NHPR Staff

Every four years in New Hampshire, the presidential primary season is heralded by the flowering of lawn signs. And while yard signs are hardly the most innovative campaign technique available today, a new scientific study suggests these old-fashioned political tools can still have an impact.

Jason Moon for NHPR

Republican presidential candidate and New Jersey Gov. Chris Christie made a string of campaign stops in New Hampshire Wednesday. The visit was sandwiched between two prominent national political events.

Jason Moon / NHPR

Three Republicans hoping for a big showing in the New Hampshire primary -- Jeb Bush, John Kasich and Marco Rubio -- were busy locally this week. The three are also angling for many of the same voters as Primary Day approaches. NHPR caught up with them in Derry, Bedford and Meredith.

Jason Moon for NHPR

In the lobby of the Radisson hotel in downtown Manchester, high school and college students find themselves thrust into a microcosm of the New Hampshire primary. Several presidential campaigns from both parties are here, along with a slew of political professionals, advocacy groups, and other card-carrying political junkies. Stickers, buttons, and email lists are everywhere. There are even cardboard cut-outs of several presidential candidates spread throughout the room.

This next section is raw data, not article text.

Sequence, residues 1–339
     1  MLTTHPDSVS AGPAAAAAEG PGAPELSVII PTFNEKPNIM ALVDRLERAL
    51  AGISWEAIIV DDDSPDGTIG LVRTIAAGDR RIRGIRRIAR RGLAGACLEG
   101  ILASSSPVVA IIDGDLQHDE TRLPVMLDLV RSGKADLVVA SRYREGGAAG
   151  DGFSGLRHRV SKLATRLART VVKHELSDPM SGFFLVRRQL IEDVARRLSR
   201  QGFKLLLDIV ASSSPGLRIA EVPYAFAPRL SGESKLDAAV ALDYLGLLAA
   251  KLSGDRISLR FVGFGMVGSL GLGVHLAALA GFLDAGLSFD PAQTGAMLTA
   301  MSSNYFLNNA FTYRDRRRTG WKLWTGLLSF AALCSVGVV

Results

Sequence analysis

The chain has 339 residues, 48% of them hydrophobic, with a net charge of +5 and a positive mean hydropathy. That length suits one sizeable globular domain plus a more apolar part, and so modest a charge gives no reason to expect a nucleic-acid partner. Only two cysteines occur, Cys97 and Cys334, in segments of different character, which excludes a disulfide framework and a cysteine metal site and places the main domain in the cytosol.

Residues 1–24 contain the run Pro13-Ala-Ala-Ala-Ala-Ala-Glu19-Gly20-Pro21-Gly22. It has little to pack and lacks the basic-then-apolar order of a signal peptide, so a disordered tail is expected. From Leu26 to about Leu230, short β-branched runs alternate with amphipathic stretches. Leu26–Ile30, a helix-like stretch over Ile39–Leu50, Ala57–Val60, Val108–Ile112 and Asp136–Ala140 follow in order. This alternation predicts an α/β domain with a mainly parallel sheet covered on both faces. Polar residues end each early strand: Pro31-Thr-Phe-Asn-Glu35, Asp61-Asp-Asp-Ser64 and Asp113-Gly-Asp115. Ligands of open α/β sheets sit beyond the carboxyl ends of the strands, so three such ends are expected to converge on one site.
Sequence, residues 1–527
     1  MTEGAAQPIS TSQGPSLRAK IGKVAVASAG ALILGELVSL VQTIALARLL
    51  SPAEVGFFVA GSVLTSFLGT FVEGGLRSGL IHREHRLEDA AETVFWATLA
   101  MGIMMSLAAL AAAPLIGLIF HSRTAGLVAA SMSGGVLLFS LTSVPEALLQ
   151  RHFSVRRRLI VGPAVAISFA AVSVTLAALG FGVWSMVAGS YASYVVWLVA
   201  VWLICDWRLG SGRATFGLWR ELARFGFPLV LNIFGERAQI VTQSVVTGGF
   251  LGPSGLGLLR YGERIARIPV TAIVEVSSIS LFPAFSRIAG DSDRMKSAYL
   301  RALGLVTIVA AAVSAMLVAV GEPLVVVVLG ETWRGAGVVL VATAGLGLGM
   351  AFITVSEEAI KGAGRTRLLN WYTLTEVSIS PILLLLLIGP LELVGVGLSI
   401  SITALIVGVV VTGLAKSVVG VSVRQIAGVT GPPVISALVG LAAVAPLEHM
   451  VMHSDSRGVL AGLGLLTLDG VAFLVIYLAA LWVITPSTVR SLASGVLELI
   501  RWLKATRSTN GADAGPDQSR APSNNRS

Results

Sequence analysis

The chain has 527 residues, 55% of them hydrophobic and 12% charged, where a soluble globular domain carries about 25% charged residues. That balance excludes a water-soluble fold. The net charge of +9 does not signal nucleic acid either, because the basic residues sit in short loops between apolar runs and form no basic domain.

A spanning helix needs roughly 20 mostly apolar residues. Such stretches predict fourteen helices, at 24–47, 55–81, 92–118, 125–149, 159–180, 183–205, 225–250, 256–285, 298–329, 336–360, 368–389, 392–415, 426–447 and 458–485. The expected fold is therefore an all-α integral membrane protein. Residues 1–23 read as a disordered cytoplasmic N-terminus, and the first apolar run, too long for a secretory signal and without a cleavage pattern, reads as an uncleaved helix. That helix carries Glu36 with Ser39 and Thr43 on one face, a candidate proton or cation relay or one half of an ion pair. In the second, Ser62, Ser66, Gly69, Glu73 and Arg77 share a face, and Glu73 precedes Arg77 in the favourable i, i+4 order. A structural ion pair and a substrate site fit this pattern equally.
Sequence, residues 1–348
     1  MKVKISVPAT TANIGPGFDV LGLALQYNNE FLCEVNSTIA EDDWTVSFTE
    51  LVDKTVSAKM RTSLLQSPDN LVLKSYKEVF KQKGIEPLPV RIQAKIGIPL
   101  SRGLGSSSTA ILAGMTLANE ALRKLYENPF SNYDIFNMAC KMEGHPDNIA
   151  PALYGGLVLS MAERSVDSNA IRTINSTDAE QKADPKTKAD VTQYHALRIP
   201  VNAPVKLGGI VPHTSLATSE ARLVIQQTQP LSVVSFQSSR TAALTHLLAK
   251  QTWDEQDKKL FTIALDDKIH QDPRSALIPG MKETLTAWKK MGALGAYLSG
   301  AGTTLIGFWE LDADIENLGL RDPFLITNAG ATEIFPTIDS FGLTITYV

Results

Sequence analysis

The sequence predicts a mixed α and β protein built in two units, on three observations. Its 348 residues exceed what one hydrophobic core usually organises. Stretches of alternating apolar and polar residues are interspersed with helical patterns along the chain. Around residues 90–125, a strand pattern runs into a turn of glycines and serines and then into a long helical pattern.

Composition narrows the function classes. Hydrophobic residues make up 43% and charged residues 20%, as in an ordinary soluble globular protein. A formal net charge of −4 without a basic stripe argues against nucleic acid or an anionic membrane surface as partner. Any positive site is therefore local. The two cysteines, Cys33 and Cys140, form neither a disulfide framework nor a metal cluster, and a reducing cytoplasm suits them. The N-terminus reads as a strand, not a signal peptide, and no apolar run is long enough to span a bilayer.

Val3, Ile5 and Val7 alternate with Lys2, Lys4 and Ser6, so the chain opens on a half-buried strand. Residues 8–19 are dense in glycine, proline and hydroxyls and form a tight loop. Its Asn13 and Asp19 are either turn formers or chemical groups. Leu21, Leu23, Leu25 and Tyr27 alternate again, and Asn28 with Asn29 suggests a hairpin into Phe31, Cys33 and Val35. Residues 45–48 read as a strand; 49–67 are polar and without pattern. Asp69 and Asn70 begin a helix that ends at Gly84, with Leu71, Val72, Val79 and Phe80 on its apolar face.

Jason Moon for NHPR

Republican Presidential candidate Ohio Gov. John Kasich made another round of campaign stops in New Hampshire this week. He’s among the presidential candidates who have spent the most time in New Hampshire this primary season and it shows.

 

Mark Kelly and Gabrielle Giffords spoke in Concord on Tuesday

Former Arizona Congresswoman Gabrielle Giffords today announced a new advocacy group that will focus on reducing gun violence in New Hampshire. The group will push for tighter restrictions on who can buy guns.

The group is called the Granite State Coalition for Common Sense and counts among its members familiar political faces like former House Speaker Terie Norelli, and former First Lady Susan Lynch, as well as a number of law enforcement officials.